Local sightings

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July 2015

Scarlet tiger
a Scarlet Tiger was found in Winchester Street where a Red Kite moved east late afternoon, then lingered nearby A Buzzard was seen at St Mary's, perched in a Sycamore in the churchyard.
Right: Scarlet Tiger, Callimorpha dominula - Picture: Nick Montegriffo. www.hantsmoths.org.uk
Small Tortoiseshell were evident about the crops off Straight Lane, Meadow Brown about the pastures nearby, as was a Red Kite. A further Red Kite moved over the High Street late morning, another over Flashetts mid-afternoon.
Ringlet were on the wing about the path on the southern edge of the Great North Field. A Red Kite circled over Town Meadow mid-afternoon.
three larval Cinnabar were seen on Ragwort at Wyvern Cottage. A Red Kite headed south at Turrill Hill mid-morning and Lordsfield Gardens early afternoon. Cinnabar catepillars
Right: Cinnabar caterpillars, Tyria jacobaeae - Picture: Mike Wall. www.hantsmoths.org.uk
a Marbled White was seen at David's Wood, one of few noted locally this year. A Gatekeeper was seen at Wyvern Cottage, the first of the year for the observer. Raptors were again evident with Red Kite seen over the High Street and Lordsfield Gardens, as were c.20 House Martin, and a Kestrel hunting over the cricket pitches at the top of Overton Hill.
both Buzzard, two, and Grey Heron were seen over The Test east of the village whilst Red Kite were noted over Turrill Hill, two, Lordsfield Gardens, two, Overton Hill, the High Street, Town Meadow, Harvey's Field and Southington. A Chiffchaff was still in song by the Dellands Track.
further activity in the Great North Field area was seen, a Buzzard being harassed by two of the corvid clan. A Red Kite was nearby, moving north-east over Lordsfield Gardens early afternoon with further raptors seen including both Kestrel and Red Kite over Overton Hill, as were 30+ House Martin.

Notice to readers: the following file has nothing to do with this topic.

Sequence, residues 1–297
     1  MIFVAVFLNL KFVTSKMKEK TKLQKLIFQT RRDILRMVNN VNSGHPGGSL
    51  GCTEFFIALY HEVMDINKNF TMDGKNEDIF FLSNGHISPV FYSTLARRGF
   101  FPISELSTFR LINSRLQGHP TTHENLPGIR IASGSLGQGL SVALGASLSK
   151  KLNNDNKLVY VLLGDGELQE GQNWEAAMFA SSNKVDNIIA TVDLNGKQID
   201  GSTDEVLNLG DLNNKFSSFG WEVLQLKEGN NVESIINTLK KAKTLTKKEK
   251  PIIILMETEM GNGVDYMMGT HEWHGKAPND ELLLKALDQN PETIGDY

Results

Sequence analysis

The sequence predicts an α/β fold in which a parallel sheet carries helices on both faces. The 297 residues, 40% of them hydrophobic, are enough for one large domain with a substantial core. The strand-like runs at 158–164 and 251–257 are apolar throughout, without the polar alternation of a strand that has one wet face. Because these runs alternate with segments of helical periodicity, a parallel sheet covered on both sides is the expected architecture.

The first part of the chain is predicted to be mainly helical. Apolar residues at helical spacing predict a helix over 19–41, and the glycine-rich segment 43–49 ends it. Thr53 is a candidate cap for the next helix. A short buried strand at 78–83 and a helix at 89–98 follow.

a Hummingbird Hawk-moth was a brief visitor to a Woodlands garden, a Comma, also flighty, being seen about pea plants in Lordsfield Gardens. The Rosemary Leaf-beetle was still ensconced on its favoured Sage. Two Red Kite lingered, and 'played', over the village during the afternoon. Small Tortoiseshell remained evident about many village gardens.
a Grey Heron over Glebe Meadows continued downstream.
a Signal Crayfish, an insidious invader of our waterways, was seen at Polhampton Mill.
a pair of Goldfinch was seen visiting a Greyhound Lane garden.
hedgerows at Polhampton were busy with butterfly, many Meadow Brown being joined by Small Tortoiseshell and Red Admiral.
a Green Woodpecker seen visiting, and feeding in, a Lordsfield Gardens garden was the first ever recorded there.
a Big Butterfly Count in one Lordsfield Gardens garden saw Red Admiral, a blue sp. and a Large Tortoiseshell visiting, another in Foxdown had a Purple Emperor alighting on a rubbish bin! The latter two sightings are exceptional, and not just locally.
Large Tortoiseshell Large Tortoiseshell
Left: Large Tortoiseshell, Nymphalis polychloros - A very rare but increasing visitor to our shores from the continent with the one today the first known of for the Parish!!! Note the lack of white on the leading edge of the forewing and the lack of 'black' on the inner part of the hindwing